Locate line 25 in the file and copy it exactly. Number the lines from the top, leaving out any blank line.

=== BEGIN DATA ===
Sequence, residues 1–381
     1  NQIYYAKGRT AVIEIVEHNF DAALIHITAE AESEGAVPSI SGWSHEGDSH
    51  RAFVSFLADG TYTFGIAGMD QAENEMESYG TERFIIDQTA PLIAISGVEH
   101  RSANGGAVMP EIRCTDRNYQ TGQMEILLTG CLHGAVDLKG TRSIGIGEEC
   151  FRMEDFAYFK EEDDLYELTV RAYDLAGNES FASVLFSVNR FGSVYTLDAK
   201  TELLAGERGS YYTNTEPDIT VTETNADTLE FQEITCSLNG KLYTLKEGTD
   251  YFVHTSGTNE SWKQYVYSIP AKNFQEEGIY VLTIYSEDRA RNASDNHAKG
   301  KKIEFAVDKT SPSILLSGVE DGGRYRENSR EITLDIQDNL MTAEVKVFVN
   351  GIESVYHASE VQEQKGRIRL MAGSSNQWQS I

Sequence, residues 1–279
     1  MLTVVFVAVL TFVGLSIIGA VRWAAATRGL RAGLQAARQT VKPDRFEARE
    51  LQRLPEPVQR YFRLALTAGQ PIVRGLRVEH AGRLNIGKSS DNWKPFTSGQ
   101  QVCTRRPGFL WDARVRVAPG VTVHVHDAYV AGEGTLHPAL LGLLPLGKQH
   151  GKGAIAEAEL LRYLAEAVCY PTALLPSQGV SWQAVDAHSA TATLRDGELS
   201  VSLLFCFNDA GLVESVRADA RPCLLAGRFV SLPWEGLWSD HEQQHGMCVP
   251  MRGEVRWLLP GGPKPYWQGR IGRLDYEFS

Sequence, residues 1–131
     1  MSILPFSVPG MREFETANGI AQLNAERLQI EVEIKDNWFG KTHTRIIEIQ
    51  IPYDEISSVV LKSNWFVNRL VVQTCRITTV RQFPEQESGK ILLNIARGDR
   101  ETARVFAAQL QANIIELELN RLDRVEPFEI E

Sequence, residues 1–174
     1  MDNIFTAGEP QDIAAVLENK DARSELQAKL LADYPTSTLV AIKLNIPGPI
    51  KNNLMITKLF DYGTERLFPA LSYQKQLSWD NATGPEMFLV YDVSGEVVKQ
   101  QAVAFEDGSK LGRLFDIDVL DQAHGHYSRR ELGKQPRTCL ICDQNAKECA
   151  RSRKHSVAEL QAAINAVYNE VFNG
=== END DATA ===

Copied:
   151  RSRKHSVAEL QAAINAVYNE VFNG